In the genes? How 12 McQuaid cousins have played their way onto Canada Games teams
It was just four years ago that Canada Games squash player Grace McQuaid saw the sport played for the first time.
She was 10 years old, and in Prince George, B.C., to watch both her older brother and sister represent P.E.I. at the Canada Games in hockey and synchronized swimming.
Everyone has that competitive drive.— Peter McQuaid
"I went to the squash courts to see P.E.I. play," said Grace, now 14. "When I first saw it, I was like 'Hey, that'd be cool if I went to the next Canada Games for squash."
For many kids, especially ones who hadn't even picked up a squash racket before, that would seem a lofty goal. But Grace isn't most kids — she's a McQuaid.
"Most of my family members have gone [to the Canada Games]," she said. "So it's just part of me if that makes sense."
'We motivate each other'
It makes a lot of sense when you read the family statistics: Grace is among four McQuaid first cousins about to head to Red Deer, Alta., for this year's Canada Winter Games.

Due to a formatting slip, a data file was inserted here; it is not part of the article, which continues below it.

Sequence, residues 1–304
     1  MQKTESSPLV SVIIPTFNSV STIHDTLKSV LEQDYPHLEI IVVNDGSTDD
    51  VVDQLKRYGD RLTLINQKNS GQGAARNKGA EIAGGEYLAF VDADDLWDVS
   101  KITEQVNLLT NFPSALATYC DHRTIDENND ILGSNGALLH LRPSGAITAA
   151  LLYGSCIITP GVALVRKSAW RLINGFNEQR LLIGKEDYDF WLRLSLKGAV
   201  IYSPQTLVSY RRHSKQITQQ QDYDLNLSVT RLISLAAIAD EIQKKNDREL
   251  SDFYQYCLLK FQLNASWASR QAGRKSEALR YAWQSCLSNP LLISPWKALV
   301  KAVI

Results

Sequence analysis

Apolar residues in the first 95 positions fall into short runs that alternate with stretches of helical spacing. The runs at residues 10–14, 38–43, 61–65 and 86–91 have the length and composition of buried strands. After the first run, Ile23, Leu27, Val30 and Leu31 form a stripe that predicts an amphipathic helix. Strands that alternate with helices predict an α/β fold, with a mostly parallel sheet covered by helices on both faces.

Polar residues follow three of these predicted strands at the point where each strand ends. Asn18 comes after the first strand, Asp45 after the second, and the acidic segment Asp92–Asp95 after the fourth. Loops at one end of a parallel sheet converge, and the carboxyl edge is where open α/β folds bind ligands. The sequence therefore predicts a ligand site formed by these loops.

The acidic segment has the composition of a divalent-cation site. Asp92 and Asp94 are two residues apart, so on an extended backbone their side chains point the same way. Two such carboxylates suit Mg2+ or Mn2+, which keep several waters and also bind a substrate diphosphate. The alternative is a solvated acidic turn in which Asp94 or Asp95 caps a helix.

She's one of 12 first cousins to ever represent P.E.I. at the Canada Games — "highly likely" a provincial record, officials say.
"I guess we motivate each other," said 19-year-old speed skater Peter McQuaid, who is going to his second Canada Games along with his younger brother Thomas.
"I used to run track against my cousins, and we'd always talk about sports whenever we're hanging out. Everyone has that competitive drive."
A Stanley Cup and a silver medal
The family bar was set high by the most famous of the bunch, NHLer Adam McQuaid.
He was the first to compete at the Canada Games in 2003. From there, he went on to win a Stanley Cup with the Boston Bruins, and is now a member of the New York Rangers.
"We've just kind of seen it over the years, that some of his cousins were looking up to him, and maybe aspiring to follow in his foot steps in some ways," said Adam's father, Mark McQuaid.
It was Adam's cousin Alexa grabbing headlines two years ago as she won the Island's only medal at the 2017 Canada Summer Games — a silver in swimming.
'Hard work pays off'
Squash player Grace, who's also determined to make the Canada Games soccer team two years from now, says she's been inspired by her family's success.
Grace said she suspects athletic genes may be able to take some credit — but only some.
"I think it's probably our work ethic," she said. "[My family] has definitely taught me that hard work pays off. And you can really go somewhere, even coming from a small province like P.E.I."